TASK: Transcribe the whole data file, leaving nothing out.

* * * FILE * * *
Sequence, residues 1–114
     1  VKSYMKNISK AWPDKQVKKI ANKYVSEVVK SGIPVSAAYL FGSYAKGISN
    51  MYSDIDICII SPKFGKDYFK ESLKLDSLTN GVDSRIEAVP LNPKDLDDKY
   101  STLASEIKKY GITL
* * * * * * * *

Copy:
Sequence, residues 1–114
     1  VKSYMKNISK AWPDKQVKKI ANKYVSEVVK SGIPVSAAYL FGSYAKGISN
    51  MYSDIDICII SPKFGKDYFK ESLKLDSLTN GVDSRIEAVP LNPKDLDDKY
   101  STLASEIKKY GITL